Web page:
AT 1800 HOURS on a Thursday night I received a call from an unknown number, just as I had finally started to get control of a massive pile of contractual work.

The man at the other end spoke in a commanding tone, and identified himself as an employee of the Cybersecurity & Infrastructure Security Agency (CISA), a part of the Department of Homeland Security (A fact unmistakably articulated in the call).

The reason for the call was the discovery of a security vulnerability in the open-source µIP library, and the agency had deduced that this likely affected the Yanzi solution. We would be contacted again with more information. Goodbye. [1]

µIP is a small TCP/IP stack implementation developed by researchers at SICS and used by the Contiki IoT and Contiki NG operating systems. Being able to implement a full stack in a miniscule amount of memory (< 16kb) the operating system and stack has been an obvious choice for cheap and low power IP hardware. Yanzi has worked closely with SICS and the Contiki teams for over ten years, and is using a newer, heavily modified version in our products.

Upon learning about the vulnerability, Yanzi quickly reviewed, remediated, and deployed fixed firmware to the global fleet of devices. Thanks to the layer 2 encryption and authentication present in the Yanzi version of Contiki, and some luck, the most severe attacks were not feasible against our devices. We later published an advisory with more details.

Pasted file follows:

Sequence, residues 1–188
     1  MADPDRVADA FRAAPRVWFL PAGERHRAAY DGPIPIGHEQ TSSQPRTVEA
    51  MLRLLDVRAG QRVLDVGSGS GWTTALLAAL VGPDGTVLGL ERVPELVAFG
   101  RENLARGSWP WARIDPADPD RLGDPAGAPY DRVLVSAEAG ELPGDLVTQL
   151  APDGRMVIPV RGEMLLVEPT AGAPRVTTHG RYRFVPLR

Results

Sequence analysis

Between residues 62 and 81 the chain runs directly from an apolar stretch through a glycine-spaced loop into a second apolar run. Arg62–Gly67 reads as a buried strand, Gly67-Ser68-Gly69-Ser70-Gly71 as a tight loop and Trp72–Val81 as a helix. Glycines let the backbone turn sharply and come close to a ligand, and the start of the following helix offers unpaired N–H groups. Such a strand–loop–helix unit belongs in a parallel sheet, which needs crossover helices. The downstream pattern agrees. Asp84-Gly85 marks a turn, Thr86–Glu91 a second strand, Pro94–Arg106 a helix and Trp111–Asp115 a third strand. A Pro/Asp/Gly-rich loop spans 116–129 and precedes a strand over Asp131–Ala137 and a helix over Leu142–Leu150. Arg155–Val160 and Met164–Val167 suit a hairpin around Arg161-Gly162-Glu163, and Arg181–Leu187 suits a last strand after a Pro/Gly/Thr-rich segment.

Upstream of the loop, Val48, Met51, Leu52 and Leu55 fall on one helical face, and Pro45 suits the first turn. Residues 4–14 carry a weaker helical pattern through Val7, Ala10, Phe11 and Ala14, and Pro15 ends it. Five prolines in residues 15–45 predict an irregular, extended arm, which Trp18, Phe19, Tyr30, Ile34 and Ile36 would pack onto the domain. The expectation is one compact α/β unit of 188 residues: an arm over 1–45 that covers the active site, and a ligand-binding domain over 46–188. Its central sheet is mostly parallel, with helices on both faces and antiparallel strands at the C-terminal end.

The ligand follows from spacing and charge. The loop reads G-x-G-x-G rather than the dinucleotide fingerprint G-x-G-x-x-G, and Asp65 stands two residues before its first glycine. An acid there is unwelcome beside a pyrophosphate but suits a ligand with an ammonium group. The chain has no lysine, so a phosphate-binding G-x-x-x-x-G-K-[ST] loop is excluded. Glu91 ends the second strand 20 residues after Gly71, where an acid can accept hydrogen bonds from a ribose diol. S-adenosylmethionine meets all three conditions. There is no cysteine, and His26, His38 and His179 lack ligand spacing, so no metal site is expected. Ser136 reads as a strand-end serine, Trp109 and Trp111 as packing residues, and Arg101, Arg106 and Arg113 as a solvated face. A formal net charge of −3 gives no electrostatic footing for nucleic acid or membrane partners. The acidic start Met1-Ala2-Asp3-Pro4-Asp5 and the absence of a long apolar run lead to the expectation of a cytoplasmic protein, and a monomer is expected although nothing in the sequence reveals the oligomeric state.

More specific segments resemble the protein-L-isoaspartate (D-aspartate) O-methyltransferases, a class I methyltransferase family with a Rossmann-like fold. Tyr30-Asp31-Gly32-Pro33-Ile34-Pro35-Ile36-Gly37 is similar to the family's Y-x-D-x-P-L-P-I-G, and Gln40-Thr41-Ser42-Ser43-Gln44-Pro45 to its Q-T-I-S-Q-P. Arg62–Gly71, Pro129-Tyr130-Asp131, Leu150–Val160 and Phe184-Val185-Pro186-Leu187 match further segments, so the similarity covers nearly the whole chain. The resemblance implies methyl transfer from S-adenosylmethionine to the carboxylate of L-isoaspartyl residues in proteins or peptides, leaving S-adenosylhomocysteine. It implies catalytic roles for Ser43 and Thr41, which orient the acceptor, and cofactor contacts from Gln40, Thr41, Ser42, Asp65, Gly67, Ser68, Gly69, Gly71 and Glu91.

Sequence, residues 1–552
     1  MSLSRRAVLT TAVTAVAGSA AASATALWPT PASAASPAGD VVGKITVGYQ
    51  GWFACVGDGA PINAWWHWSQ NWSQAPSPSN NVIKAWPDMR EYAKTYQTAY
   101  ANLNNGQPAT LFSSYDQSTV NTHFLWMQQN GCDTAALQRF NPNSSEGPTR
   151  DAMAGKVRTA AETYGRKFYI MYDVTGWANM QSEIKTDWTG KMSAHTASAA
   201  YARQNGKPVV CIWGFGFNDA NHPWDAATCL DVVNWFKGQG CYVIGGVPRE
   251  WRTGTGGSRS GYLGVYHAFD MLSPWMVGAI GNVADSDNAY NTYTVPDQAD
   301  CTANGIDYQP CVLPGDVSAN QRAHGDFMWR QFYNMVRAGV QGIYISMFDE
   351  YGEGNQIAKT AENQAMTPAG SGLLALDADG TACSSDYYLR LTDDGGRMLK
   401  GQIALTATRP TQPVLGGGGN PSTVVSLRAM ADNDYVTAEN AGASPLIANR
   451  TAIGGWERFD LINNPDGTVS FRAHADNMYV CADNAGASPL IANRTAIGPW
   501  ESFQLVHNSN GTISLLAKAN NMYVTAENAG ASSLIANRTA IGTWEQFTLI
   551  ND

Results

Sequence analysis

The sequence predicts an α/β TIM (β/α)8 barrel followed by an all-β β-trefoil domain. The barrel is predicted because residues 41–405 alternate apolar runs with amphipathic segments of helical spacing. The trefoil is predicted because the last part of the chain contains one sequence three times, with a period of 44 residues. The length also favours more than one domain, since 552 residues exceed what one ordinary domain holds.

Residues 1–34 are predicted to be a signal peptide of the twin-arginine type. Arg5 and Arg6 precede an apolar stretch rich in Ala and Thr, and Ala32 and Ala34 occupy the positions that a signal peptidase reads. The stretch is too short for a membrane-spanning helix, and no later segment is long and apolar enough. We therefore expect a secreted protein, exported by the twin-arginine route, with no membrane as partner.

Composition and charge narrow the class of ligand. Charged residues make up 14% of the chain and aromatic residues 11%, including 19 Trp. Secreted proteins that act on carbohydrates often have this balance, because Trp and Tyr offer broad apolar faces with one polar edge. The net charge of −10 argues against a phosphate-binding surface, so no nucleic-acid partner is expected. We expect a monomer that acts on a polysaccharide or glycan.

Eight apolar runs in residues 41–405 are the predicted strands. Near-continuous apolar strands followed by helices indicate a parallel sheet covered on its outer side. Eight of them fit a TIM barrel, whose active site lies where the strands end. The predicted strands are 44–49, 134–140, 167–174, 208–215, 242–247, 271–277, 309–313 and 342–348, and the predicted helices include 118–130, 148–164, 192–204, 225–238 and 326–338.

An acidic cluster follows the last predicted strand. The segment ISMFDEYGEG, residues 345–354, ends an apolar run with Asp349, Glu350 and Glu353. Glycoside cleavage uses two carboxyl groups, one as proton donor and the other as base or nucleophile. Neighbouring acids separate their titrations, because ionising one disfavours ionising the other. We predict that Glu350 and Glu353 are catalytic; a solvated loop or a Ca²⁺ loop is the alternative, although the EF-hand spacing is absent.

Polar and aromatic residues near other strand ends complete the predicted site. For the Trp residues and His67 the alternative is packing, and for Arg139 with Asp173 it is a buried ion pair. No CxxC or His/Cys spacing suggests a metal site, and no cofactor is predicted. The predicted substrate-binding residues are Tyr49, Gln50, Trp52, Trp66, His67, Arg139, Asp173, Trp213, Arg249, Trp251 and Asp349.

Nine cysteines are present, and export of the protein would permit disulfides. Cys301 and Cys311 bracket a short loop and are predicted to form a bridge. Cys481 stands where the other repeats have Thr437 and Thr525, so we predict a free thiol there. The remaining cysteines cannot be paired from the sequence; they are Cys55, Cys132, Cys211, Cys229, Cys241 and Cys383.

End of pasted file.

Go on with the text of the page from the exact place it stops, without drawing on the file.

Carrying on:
Once the public release date for Amnesia:33 approached, we were asked by the cybersecurity division of the German federal government if we would approve having our company name in the meta-advisory. This came as a surprise – surely responsibility is not optional?

Unfortunately, that turns out to be the case. According to an email, the collaborating international agencies had agreed to make publication optional. The CISA meta-advisory mentions only 13 vendors, out of the "150+" announced by the security researchers:

Multiple Embedded TCP/IP Stacks | CISA

That leaves 137 unnamed vendors with products which still may be exploitable – and there is no way to know if your organisation is impacted by them.

IoT Security has made enormous strides in the last ten years. But if we ever intend to achieve a good standard, then we need to talk about – and shame – those vendors who do not deal with vulnerabilities transparently (or at all).

The exposed

[1] It would later be discovered that the agency had identified Yanzi through our release of Sparrow, an open-source implementation of the Yanzi application layer anno 2017 which is built on top of a vulnerable version of Contiki.